The gold ingots that Abgal took to Nibiru again were minuscule: they could not provide a sustainable solution to Nibiru’s Ozone hole problem. Enki continued to criss-cross the Earth in his sky chamber and at long last the search registered a stunning success: he happened upon rich deposits of gold in modern-day Zimbabwe. The potential was so breathtaking Enki characterised the place as the “Birthplace of Gold”.
The need to extract gold from the sea was now redundant. But the terrestrial gold was deep into “the bowels of the Earth” and therefore required suitable underground mining equipment.
An ecstatic King Anu, when he got word of this development, convened a special assembly to discuss the next course of action. The assembly decided that there was need to first ascertain the size of the deposits before a longterm strategy was devised. Enki would also need executive assistance in the event that large-scale mining became inevitable and the best fit for the purpose was Enlil. Besides being ruler of Nibiru (on behalf of the Sirian-Orion monarch) and Crown Prince to the Sirian-Orion throne, Enlil was once a general in the Sirian Air Force, which encompassed the cosmic army, and had demonstrable credentials as an able administrator. Meanwhile, Anu decided to base himself on Nibiru till the Ozone hole problem was resolved.
Enlil arrived on Earth in the 7th Shar after Alalu did, that is, after Alalu had been King of Earth for 25,200 Earth years. Enki wasted no time in taking him to the southern part of Africa, which Enki had named the ABZU. Abzu meant a “primeval deep source”, in this context a source of metal ore or simply Mineral Belt.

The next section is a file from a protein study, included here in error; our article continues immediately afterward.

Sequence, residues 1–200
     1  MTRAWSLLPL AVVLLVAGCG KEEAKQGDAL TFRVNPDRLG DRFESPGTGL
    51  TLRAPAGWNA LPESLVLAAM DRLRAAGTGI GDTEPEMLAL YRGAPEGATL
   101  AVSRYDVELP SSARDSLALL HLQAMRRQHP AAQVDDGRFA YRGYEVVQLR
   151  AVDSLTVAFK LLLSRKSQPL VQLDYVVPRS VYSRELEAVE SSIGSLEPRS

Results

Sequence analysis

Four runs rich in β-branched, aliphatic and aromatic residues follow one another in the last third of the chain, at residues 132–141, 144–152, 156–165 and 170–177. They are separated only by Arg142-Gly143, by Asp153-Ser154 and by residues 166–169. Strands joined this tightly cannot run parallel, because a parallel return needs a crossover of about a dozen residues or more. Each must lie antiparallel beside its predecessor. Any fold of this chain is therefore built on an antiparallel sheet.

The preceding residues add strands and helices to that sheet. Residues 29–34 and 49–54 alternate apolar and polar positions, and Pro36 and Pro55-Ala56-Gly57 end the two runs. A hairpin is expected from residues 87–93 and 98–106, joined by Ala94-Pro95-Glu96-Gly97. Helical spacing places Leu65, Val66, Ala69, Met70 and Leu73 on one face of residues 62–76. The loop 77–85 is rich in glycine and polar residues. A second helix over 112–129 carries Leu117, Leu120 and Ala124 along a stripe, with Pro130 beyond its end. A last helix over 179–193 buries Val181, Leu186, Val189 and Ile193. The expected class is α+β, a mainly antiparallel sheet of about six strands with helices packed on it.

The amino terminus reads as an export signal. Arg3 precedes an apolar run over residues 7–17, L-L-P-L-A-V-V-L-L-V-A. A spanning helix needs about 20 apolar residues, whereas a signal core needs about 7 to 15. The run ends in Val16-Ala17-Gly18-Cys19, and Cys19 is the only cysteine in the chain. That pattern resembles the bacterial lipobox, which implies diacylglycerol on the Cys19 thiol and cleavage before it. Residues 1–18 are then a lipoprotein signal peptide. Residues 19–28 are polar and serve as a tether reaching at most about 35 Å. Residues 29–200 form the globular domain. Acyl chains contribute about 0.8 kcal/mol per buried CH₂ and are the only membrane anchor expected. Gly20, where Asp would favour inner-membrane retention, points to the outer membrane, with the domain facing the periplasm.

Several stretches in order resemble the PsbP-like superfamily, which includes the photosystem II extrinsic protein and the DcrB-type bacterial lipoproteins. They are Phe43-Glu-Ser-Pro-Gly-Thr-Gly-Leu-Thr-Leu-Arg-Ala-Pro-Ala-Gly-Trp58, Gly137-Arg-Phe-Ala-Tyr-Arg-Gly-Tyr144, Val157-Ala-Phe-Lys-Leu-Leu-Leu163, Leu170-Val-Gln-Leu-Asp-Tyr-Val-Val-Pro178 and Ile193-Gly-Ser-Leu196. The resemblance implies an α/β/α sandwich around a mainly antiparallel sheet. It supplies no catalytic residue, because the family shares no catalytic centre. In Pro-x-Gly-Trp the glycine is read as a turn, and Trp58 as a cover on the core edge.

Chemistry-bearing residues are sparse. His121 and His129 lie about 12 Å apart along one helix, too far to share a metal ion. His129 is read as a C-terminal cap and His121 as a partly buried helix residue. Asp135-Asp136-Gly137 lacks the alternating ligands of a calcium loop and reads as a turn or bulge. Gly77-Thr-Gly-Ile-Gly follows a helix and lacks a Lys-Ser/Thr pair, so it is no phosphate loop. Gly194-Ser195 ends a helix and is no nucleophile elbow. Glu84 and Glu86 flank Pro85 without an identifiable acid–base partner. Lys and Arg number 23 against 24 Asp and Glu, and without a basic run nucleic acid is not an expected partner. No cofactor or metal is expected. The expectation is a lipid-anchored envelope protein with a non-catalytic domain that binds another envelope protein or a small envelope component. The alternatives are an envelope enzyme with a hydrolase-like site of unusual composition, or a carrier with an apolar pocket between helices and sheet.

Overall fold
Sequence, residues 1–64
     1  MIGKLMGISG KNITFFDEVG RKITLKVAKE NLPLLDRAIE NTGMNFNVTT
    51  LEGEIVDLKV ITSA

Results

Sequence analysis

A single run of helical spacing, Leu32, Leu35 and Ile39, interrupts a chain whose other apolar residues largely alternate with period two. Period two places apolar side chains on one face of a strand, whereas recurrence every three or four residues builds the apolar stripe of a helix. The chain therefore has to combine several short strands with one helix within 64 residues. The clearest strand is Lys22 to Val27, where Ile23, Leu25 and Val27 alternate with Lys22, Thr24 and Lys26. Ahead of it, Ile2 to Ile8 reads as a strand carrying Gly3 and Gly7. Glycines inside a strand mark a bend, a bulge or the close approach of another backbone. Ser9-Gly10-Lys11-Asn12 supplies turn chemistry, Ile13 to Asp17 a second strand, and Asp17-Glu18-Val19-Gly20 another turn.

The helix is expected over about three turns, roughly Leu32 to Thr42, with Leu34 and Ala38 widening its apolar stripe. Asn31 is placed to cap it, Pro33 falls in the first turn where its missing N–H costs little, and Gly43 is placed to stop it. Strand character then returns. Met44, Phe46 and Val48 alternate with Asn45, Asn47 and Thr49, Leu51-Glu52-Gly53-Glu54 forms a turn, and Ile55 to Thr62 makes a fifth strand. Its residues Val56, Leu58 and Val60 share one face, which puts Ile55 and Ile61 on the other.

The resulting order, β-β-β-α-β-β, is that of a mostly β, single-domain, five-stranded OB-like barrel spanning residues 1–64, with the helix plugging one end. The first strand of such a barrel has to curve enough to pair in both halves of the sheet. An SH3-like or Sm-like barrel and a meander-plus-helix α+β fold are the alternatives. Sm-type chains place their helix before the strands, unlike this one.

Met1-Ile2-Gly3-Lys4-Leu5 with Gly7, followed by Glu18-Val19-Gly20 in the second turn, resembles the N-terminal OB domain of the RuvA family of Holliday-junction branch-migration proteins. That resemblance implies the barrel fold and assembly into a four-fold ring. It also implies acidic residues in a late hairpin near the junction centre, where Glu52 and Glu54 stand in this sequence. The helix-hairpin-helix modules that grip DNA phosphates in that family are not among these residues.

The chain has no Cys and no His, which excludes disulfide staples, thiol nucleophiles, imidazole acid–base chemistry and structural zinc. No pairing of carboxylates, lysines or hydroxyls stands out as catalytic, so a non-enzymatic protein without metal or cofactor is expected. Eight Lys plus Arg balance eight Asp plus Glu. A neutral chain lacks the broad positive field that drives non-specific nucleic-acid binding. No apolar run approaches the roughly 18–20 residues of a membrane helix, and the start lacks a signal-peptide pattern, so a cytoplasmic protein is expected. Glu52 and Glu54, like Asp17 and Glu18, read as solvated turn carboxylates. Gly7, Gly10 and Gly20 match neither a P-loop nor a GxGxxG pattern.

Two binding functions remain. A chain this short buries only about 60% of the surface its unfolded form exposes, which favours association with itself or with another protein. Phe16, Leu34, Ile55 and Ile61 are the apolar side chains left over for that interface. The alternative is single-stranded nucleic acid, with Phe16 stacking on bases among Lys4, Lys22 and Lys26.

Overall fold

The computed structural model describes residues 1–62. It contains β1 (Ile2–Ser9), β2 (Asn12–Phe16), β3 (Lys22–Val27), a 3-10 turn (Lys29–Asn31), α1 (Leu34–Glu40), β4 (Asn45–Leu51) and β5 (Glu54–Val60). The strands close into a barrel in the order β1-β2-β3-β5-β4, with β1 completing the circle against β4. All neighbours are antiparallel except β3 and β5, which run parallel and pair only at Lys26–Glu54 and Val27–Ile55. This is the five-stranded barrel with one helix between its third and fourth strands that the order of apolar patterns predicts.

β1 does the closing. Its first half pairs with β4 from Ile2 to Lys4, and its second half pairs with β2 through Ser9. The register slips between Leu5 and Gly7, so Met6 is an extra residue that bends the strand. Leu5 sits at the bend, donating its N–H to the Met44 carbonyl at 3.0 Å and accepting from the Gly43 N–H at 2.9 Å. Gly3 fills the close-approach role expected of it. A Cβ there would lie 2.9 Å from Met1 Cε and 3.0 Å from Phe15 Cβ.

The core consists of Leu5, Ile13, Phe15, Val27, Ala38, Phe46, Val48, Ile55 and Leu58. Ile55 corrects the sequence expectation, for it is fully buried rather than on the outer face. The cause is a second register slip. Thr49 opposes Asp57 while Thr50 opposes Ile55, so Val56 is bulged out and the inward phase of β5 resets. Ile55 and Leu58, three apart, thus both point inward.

Having established that gold did indeed abound in the Abzu, Enlil now suggested to Enki and Alalu that a permanent settlement be established on Earth as more Anunnaki would be needed in the arduous and painstaking mining process. A spaceport had to be built as well to handle the higher traffic of spaceships carrying loads of gold to Nibiru. What this entailed was that both Enki and Enlil would now be based on Earth practically indefinitely. Now, the moot point was this: who would be in charge of the base camp in Eridu and the new operations thereof and who would be in charge of the mining operations in the Abzu?
Regrettably, King of Earth Alalu fell flat in allotting responsibilities to the two brothers, both of whom had colossal egos. Enlil then proposed that King Anu come to Earth and help break the impasse, to which King Alalu reluctantly agreed. It meant the onset of mining activities would have to wait for another shar as at the time Nibiru had left the perigee and was on its way back to its apogee.
Meanwhile, Enki had long divided an Earthly year into twelve months, with each month comprising of four weeks of 7 days each. He was also busy studying the Earth’s evening skies to establish the periodicity of peculiar star patterns. So far, he had already deduced that there was a different night sky backdrop – called a constellation – roughly every 2160 years. It was just a matter of time before he came up with a definitive Zodiac pattern that would stand the test of time.
THE RESENTFUL “ZU”
King Anu set off from Nibiru to Earth with a 50-man entourage that included Chief Pilot Nungal and a VIP royal called Kumarbi. Who was Kumarbi?